If you like Hayao Miyazaki movies and video games, I’m about to BLOW YOUR FREAKIN’ MIND. Ni no Kuni: Wrath of the White Witch is the new Studio Ghibi piece that most everyone is going to want to get. It’s a nostalgic adventure RPG with a familiar collection system reminiscent of Pokemon. The plot is to be taken with a grain of fairy-tale salt, though despite the apparent linear contortions necessary to make a good RPG, Ni no Kuni is still very much a/the Studio Ghibli game.
Oliver is a young boy living with his single mother in the old-fashioned town of Motorville. He and his good friend sneak out one night to try out their new itty bitty custom made car, when the player witnesses a strange figure and her pet talking about killing the protagonist lad, calling him the Pure-Hearted One. Oliver’s car crashes into the river due to the figure’s meddling, but his mother manages to save him before he drowns. She suffers a heart attack and dies as a result of her exertion.
That’s when Oliver meets Mr. Drippy, the Lord High lord of Fairies, who tells him that he must come into the other world in order to save his mother’s soul mate, which may just save her in the real world. In order to save her soul mate, however, he must defeat the dark mage Shadar, and the evil White Witch. While the fairy tale standard may convince you that this is a trivially easy game meant for children, I regret to inform you that this game is one tough son of a bitch. Time for mechanics.
Combat is a creative take on turn-based playing. When choosing an action to perform, you perform that action until its timer runs out and it goes on cooldown. You can cancel the action beforehand, but that doesn’t shrink the cooldown at all. Fight with the main characters, or with their familiars; HP is shared (though not between human characters), so it’s probably a good idea to be rid of that “low HP, swap to a different familiar” reflex. Because it’ll kill you. Certainly killed me. Items, tactics, spells; the game teaches you everything you need to know, and keeps a tutorial compendium if you ever need to brush up.
There’s a difficulty scaling mechanism implemented that makes it particularly difficult to over-level yourself, even with braindead levels of grinding. You will probably grind a fair bit if you want to capture one of every familiar, especially considering each one has two final forms, each with different benefits and drawbacks. And that there are “shiny” versions that appear during the post-game sequence. So that means you’ll need to capture four of each familiar. I’m going to do it, so you can too!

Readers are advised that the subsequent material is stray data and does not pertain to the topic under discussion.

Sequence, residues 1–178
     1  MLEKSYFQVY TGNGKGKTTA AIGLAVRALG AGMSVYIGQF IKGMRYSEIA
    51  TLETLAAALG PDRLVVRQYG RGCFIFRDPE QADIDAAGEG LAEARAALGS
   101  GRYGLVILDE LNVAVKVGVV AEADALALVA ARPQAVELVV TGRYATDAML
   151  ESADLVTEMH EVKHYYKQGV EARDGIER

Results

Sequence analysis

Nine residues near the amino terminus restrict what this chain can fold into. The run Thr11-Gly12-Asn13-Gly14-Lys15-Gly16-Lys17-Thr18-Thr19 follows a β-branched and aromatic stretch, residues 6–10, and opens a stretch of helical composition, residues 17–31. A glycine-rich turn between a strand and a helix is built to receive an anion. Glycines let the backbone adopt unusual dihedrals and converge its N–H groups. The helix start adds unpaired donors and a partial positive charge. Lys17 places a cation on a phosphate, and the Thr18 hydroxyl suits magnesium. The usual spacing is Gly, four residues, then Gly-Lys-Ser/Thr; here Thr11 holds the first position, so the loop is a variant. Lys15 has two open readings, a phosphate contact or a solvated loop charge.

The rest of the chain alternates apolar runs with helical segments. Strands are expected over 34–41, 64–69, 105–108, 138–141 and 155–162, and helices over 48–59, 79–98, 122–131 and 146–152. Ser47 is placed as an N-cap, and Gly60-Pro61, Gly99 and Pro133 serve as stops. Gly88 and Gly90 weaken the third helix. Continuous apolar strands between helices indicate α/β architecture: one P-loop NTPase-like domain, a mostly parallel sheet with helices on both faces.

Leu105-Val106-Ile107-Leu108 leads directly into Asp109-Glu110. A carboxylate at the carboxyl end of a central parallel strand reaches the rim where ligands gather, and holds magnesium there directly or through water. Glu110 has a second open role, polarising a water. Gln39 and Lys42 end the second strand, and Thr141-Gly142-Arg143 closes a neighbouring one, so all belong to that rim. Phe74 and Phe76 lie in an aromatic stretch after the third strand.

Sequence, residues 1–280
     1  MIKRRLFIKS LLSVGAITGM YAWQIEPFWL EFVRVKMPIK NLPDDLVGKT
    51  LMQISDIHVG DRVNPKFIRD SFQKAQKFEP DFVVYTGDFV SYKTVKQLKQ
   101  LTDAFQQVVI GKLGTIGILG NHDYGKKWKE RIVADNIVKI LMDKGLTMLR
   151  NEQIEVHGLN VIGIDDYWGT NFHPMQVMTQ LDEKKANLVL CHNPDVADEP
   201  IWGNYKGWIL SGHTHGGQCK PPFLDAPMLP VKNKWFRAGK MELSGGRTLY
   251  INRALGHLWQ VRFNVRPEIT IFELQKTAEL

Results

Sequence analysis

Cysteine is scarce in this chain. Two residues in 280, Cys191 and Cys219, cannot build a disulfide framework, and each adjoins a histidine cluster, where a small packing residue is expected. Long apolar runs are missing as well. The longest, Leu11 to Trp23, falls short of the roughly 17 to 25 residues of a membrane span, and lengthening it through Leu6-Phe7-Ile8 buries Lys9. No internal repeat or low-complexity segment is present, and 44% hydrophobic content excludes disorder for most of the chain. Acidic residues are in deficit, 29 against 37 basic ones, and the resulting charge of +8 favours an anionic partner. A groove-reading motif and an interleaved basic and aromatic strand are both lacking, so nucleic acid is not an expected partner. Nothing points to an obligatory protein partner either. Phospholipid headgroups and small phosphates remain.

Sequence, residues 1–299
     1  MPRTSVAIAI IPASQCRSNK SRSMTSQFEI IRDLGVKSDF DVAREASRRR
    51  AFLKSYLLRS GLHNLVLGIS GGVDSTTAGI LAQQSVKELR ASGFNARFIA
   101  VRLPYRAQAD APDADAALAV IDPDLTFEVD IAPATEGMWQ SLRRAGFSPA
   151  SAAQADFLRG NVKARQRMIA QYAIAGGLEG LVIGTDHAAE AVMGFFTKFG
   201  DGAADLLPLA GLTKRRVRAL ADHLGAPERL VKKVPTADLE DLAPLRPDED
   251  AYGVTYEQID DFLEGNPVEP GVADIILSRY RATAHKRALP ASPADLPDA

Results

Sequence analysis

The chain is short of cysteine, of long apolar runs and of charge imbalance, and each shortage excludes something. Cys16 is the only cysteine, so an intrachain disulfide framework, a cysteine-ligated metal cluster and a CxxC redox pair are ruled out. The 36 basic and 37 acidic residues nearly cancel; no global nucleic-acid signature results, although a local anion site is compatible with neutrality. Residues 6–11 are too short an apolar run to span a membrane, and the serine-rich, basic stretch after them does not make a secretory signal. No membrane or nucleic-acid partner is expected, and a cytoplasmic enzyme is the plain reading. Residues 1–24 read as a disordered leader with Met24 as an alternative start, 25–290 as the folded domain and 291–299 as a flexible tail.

As the story moves along, you’ll witness Miyazaki animations befitting a feature length film, along with fully voiced dialogue and a plethora of puns. In this game, there are MANY puns. There are puns and references, which will either cause you to bleed from the ears or giggle from the mouth. It’s all good fun. Anyways, the game’s easy to follow, challenging to play, the puzzles sometimes get difficult, but you can always expect to feel that Ni no Kuni is trying to engage you. It’s the first official Studio Ghibli game, to my knowledge, and thus far I haven’t experienced a single thing that outright irks me. That’s fairly abnormal. So get this game and play it and try to sleep regularly, because it’s that fun. Oh yes indeed.
Jason Wilson offers a balanced leaning towards positive, legitimate review of Ni no Kuni. According to him, the combat system (particularly the action timer aspect) and allied AI are the weak points of the game. This may prove true if you’re expecting a greater level of flexibility in combat, though in my eyes these factors simply encourage the player to interpret, adapt, and improve. But that’s all very subjective. The final word is: BUY. It’s a fantastic example of a classic-yet-modern RPG. Here’s the review link: http://venturebeat.com/2013/02/04/ni-no-kuni-wrath-of-the-white-witch-review/